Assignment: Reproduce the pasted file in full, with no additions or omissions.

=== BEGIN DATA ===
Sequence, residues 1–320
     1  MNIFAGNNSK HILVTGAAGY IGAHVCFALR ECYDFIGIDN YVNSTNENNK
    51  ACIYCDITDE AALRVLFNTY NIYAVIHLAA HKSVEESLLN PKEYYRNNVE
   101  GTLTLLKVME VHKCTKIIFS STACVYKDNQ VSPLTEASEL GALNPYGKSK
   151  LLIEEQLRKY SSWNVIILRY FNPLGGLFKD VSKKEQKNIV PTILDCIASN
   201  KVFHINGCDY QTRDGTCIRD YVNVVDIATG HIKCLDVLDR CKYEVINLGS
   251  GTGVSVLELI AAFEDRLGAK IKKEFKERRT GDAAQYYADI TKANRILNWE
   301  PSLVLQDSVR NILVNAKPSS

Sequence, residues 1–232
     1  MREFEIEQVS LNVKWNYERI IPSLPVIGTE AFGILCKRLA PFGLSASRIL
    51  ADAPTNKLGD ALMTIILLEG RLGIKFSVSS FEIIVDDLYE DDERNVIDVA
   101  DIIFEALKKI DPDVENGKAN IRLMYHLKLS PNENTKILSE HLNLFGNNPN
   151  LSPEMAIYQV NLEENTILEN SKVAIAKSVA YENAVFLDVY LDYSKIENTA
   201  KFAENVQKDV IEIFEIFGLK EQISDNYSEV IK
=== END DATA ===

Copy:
Sequence, residues 1–320
     1  MNIFAGNNSK HILVTGAAGY IGAHVCFALR ECYDFIGIDN YVNSTNENNK
    51  ACIYCDITDE AALRVLFNTY NIYAVIHLAA HKSVEESLLN PKEYYRNNVE
   101  GTLTLLKVME VHKCTKIIFS STACVYKDNQ VSPLTEASEL GALNPYGKSK
   151  LLIEEQLRKY SSWNVIILRY FNPLGGLFKD VSKKEQKNIV PTILDCIASN
   201  KVFHINGCDY QTRDGTCIRD YVNVVDIATG HIKCLDVLDR CKYEVINLGS
   251  GTGVSVLELI AAFEDRLGAK IKKEFKERRT GDAAQYYADI TKANRILNWE
   301  PSLVLQDSVR NILVNAKPSS

Sequence, residues 1–232
     1  MREFEIEQVS LNVKWNYERI IPSLPVIGTE AFGILCKRLA PFGLSASRIL
    51  ADAPTNKLGD ALMTIILLEG RLGIKFSVSS FEIIVDDLYE DDERNVIDVA
   101  DIIFEALKKI DPDVENGKAN IRLMYHLKLS PNENTKILSE HLNLFGNNPN
   151  LSPEMAIYQV NLEENTILEN SKVAIAKSVA YENAVFLDVY LDYSKIENTA
   201  KFAENVQKDV IEIFEIFGLK EQISDNYSEV IK